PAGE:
In the second group counselors also ask about financial stress. In addition to that, they offer a verbal contract. Research has demonstrated that contracts serve an important purpose when intrinsic trust is difficult to build. In the new introduction, the informal contract helps clients feel they will be treated with honesty and respect. The contract also incorporates elements of reciprocity by detailing what clients are expected to do in return.

Figure 3: Sample Experiment Statement

Experiment 2: Results

We found that there was some evidence to suggest that the re-designed introduction did increase trust. While fewer individuals opened the post-session survey, that difference was not statistically significant. Furthermore, callers with the new introduction were significantly more likely to share personal information. As with the Feel, Felt, Felt statement, we believe this led to better counseling sessions for 234 callers.

The verbal contract, on the other hand, appears to have hurt trust. Significantly fewer people started the online survey and were willing to share personal information. While contracts can promote cooperation during interactions when intrinsic trust is difficult to build, they have been shown to reduce interpersonal trust.

Alternatively, using the verbal contract may have made the counselors feel more uncomfortable, which translated into lower levels of trust. We hypothesized that while the verbal contract would likely be less effective in terms of trust-building, it may be more effective in terms of session conversion.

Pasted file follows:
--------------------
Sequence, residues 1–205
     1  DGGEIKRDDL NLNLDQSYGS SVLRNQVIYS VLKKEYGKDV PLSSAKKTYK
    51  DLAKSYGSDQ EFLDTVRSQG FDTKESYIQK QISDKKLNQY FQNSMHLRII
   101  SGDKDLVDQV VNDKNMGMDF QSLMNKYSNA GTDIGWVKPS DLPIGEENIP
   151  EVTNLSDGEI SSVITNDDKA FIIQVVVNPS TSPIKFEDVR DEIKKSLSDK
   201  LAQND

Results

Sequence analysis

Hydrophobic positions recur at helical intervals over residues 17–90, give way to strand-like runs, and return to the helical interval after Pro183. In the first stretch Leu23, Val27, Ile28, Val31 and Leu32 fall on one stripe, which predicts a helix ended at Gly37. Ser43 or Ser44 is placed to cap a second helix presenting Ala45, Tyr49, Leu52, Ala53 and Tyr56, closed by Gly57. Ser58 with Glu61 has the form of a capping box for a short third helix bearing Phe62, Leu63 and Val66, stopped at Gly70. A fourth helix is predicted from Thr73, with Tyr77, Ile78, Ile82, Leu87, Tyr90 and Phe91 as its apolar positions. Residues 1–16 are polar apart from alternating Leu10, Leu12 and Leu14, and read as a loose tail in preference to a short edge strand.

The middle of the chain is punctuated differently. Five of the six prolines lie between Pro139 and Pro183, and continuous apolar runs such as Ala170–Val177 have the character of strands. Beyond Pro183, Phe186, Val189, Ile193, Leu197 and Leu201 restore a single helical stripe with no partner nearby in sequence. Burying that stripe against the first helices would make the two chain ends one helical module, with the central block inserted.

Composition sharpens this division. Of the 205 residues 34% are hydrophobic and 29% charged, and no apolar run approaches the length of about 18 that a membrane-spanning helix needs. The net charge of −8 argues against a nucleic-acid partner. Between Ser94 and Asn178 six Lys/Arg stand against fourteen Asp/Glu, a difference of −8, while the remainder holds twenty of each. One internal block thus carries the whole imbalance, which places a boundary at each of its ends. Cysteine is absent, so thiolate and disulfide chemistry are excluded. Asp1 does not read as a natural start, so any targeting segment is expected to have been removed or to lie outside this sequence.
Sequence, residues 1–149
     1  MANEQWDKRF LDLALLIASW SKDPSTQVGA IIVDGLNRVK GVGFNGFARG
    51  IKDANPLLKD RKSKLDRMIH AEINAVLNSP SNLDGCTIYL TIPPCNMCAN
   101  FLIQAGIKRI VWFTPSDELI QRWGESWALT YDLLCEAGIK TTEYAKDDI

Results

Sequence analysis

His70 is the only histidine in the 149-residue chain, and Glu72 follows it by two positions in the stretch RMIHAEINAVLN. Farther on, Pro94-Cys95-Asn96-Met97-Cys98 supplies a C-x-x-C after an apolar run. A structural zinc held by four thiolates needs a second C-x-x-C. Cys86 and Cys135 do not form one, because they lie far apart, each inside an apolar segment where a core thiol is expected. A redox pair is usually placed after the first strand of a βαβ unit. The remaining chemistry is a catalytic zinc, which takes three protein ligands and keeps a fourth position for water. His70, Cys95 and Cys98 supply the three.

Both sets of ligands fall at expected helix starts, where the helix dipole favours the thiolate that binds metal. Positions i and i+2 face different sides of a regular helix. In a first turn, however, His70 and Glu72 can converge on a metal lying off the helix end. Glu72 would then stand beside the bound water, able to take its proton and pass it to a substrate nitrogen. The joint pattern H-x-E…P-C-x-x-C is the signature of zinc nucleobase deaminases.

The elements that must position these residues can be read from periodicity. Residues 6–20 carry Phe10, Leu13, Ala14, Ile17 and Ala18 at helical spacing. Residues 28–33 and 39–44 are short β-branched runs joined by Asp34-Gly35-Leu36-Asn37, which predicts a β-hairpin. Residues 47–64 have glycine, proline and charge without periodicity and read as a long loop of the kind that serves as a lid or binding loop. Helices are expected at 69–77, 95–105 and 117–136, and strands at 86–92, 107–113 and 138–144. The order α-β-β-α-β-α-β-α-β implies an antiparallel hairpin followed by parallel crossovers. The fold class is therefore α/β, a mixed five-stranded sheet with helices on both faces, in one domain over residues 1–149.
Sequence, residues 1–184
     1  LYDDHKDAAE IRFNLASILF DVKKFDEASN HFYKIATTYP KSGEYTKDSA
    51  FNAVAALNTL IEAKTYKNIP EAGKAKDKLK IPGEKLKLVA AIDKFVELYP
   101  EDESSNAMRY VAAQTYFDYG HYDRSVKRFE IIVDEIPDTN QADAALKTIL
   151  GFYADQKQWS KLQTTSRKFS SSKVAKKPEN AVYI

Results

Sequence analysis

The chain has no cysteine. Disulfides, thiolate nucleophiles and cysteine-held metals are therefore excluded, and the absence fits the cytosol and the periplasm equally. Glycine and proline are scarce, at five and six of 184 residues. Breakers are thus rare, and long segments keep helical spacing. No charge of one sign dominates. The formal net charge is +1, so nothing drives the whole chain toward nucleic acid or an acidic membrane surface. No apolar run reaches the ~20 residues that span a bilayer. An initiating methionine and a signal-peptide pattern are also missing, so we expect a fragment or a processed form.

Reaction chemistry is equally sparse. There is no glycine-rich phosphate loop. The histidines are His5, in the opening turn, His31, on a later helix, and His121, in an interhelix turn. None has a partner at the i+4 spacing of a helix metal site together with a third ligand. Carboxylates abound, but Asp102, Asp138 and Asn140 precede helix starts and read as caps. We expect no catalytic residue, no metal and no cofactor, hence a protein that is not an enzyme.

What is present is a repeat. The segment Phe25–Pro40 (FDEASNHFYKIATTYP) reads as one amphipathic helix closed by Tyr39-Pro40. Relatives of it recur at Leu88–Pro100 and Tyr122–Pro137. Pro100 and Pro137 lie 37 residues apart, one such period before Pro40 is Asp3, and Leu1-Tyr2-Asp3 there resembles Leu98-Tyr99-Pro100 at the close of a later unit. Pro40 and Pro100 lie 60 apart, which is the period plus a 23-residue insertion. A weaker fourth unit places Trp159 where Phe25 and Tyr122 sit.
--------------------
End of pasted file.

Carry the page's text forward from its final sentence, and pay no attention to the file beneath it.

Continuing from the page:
This was not the case, as neither the re-designed introduction nor the use of a verbal contract had a meaningful effect on call conversion.

Figure 4: Results by Condition

Our experiments suggest that trust is context specific – whom we trust and how much we trust them is partly shaped by small factors in our environment. Financial counselors and advisors should be aware of these factors – even small changes in how they interact with clients can significantly shape their relationship. For organizations offering these services, our experiments suggest that the confidence of frontline staff may impact trust. Efforts to improve customer satisfaction and engagement should ensure frontline staff feel comfortable and confident with any new initiative.

However, our experiments suggest that, within the context of financial counseling, trust does not limit a caller’s willingness to finish a counseling session as we hypothesized. Instead, other factors –such as logistical factors at the time they are calling and how tenuous their financial situation is – seem to play more important roles. This is not to say that trust is not important. Rather, the effects of trust are likely diffuse and harder to measure with respect to this specific metric.